Around The Web – Wolf Style

Hey folks, your friendly West Coast 9b writer is here to lay down some internet knowledge real quick. These posts serve as a reminder that the online world is our oyster, and it’s dollar beer night down at the seafood bar.

I don’t really know what that means but I guess I’ll just get started.

tcg-utTwo Cow Garage Covers Uncle Tupelo – Yeah, brother, you heard what I said. From the upcoming Uncle Tupelo tribute album We’re All Criminals Here, everyone’s favorite 3 piece cover “We’ve Been Had”. I’ll wait for you to pick your brains up off the floor…


lbiii-liveLee Bains III & The Glory Fires Live Set – That’s right. The powerhouse of ‘bama punk rock’n’soul is touring constantly in preparation and support for their new album Dereconstructed, coming out on Sub Pop records which you should TOTALLY pre-order. I know I have. The Brooklyn, NY venue Shea Stadium is awesome about posting complete sets of shows to their Soundcloud. The Glory Fires play some old ones and some new ones, and if you want to be excited about the new album or haven’t heard these Alabama white boys play…man, you should.

rcsHouse on the Hill Acoustic Sessions – New Alabama music booking firm Rocket City Sounds has started doing some cool acoustic sessions in a big empty house, and the fruits of their labor are visible for the  internet to see. There’s even a new song  from Todd Farrell, 9b regular.


ThisIsAmericanMusic_LogoTIAM Spotify Playlists – If you know Ninebullets, you know This Is American Music. Their ‘General Enabler’ Sean Courtney and ‘Quarterback’ Corey Flegel are masters of the art of playlisting. If you have a Spotify account (and there’s really no reason not to at this point), you should check out their public playlists. Summer Nights on the Porch Swing, Southern Indie, and the terrifyingly arousing Flegel Babies: a Journey into Smooth. The people who put out good music also listen to good music, and these guys are some guys to follow.

This has been our Sunday Morning Coming Down edition of Around the Web, with your host, Wolf.


Todd Snider Is A Prophet

Sometime in the fall of 1994 I was sixteen years old with a job at McDonald’s, a hand-me-down 1981 Honda Accord and a healthy addiction to music. There was a fairly new radio station out of Atlanta, the early wave of X stations, that started playing an acoustic  song. It reminded me of Tom Petty but this song was funny. It took a couple of times on the radio for me o learn it was a guy named Todd Snider and the song was called “Talkin’ Seattle Grunge Rock Blues.” Needless to say, this song spoke to me and I wanted to spend some of my McDonald’s money on that album.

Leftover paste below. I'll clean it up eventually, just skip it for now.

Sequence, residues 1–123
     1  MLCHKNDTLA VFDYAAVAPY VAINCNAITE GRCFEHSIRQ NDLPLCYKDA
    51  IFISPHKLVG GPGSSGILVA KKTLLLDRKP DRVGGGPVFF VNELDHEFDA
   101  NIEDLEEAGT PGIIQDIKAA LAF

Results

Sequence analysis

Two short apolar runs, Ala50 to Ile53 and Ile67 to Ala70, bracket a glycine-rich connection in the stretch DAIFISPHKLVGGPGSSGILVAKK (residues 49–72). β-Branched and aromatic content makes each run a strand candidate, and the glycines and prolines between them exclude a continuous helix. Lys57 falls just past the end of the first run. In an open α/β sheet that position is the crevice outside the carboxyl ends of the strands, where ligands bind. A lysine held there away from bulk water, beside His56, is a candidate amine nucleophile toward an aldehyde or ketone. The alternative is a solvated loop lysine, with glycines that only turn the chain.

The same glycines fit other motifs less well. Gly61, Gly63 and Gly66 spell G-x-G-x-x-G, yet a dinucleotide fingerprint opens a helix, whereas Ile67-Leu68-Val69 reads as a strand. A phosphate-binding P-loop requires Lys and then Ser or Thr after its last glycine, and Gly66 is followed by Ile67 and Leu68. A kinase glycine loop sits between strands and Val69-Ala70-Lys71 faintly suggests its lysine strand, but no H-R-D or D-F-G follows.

We had a Blockbuster Music in Athens in those days and they had recently added the listening station to the store. This was revolutionary. You could walk into the store, pick out a CD and they would open it up and let you listen to it. I’m certain I annoyed more than my fair share of Blockbuster Music employees. (But look at me now)
 For reasons I can’t explain, I remember walking into BBM to find the Todd Snider CD. The employee was a short, skinny guy with thin black hair and glasses, I’m pretty sure he had helped me before. I found the CD but didn’t recognize the song title on the back. I asked the guy if I could listen to it. I sat there on the blue, vinyl-lined barstool and skimmed each song on Songs From The Daily Planet. Nothing. I told the guy I had heard a song by that guy on the radio but it wasn’t on the CD. I might not have known the title at this point. He didn’t know what I was talking about and he looked up on his pre-internet computer and saw that Todd Snider had no previous CDs. It was a mystery and I left the store unsatisfied.
Later, I was listening to the same X station and the DJ played the song and mentioned it was a hidden track on Songs From The Daily Planet. Of course. I took some of my McDonald’s money back to Blockbuster Music and bought the CD from the same employee. I don’t know if he remembered me and asked or if I volunteered that I had been in before. I told him that the song was a hidden track. We both agreed that kind of thing was a pain in the ass.
But I promised you Todd Snider was a prophet and so far all I’ve talked about is my childhood. On the song “Talkin’ Seattle Grunge Rock Blues” Todd talks about being an alternative band to the steady stream of alternative bands. He claimed to be in the only band that never played a note. They didn’t receive much commercial success until they told record labels that they were from Seattle. Suddenly the band was a hit and got asked to play MTV Unplugged. Haha, the 90’s were fun.
Then, a few weeks ago I was listening to NPR (see the trend) and they talked to a band that recorded an album of silence and put it on Spotify. The band is called Vulfpeck and the album is called Sleepify. They recorded thirty second clips of silence and asked their fans to stream it on Spotify on repeat over and over again. Their idea was to generate enough funds to go on tour and play shows for free. Now, this seems like a great and noble idea, when I read this interview in Rolling Stone it seems that the band isn’t that bright about the realities of touring. Apparently, they have generated about five grand but asked their agent if that was enough to get a bus, or something like that.
I’m not sure if that’s what Todd Snider was talking about 20 years ago (Jesus, has it been that long) but if Todd suggests marching to the end of the earth I’m going to consider his directive very carefully.